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The man behind the Rate Your Lecturer website, which encourages British university students to publicly praise or censure their teachers, has defended the project against a glut of criticism from academics.

Michael Bulman, founder of the site, said he believed it would "help to redress the balance" between teaching and research in British universities, adding that too many institutions held the latter in higher regard than the former -- to the detriment of students.

"When I was at uni, people were comparing and contrasting their courses and lecturers, and saying how some were better than others," said Bulman, who graduated with a B.A. in history from Northumbria University last year.

"I also spent a year in the U.S., where they already have the Rate My Professors site, and the idea came from there. I just thought I could do it better."

His site ranks British universities and lecturers on the basis of feedback from users, who give scores out of 10. It also contains a section where students can list teachers' pros and cons.

One of those leading the protests against the site is Bill Cooke, head of the department of organization, work and technology at Lancaster University Management School. His blog post on the issue -- declaring that lecturers are human beings, "not dancing bears" -- has been accessed around 8,000 times.

"For people early in their lecturing career, to be subject to that very public scrutiny is challenging and threatening," he told Times Higher Education. "There is anger and anxiety about the debt people are incurring as students and what will happen to them afterwards. Coming out and saying which lecturers are good or bad is an expression of that."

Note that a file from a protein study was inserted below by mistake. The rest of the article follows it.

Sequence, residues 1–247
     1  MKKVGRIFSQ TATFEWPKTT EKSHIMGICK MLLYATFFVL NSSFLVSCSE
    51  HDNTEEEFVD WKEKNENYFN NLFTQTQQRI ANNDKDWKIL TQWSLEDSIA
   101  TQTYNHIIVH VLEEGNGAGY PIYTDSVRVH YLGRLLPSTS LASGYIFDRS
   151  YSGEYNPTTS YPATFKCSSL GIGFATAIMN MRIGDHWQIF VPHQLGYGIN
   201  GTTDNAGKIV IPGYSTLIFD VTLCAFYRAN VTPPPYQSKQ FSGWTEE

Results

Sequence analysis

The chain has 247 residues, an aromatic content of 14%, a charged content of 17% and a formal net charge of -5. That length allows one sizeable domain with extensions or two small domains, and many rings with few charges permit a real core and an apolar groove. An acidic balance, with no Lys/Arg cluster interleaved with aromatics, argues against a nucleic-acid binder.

He also said that because the site was not registered as a data controller with the Information Commissioner's Office -- a requirement for firms that hold personal data -- it was in breach of data-protection rules. Bulman said his company, Sterling Ideas, had not yet registered, attributing this to "inexperience," but added that he expected the oversight to be rectified shortly.

The University and College Union warned that seemingly innocent internet "gossip" could lead to "online and offline bullying." "There is no way of determining if the individual posting comments has a real concern about the standard of their course, the university or the teaching, or just fancy lashing out after getting a poor mark," said Michael MacNeil, head of higher education at the union.

Bulman said that although it was possible that "one idiot will say something stupid," comments were reviewed all the time and were "usually useful and well-thought-out."

However, Olivier Ratle, senior lecturer in organization studies at the University of the West of England, has already revealed potential flaws in the site. "I thought, just for fun, let's see how rigorous the system is," he said. "My friends managed to register using different e-mail addresses and fake names, and were successful in rating me very positively."

Ratle was at the time of writing rated the fourth-best lecturer on the site thanks to his friends. "He's just too handsome, can't really concentrate on what he's saying," reads one of the comments.


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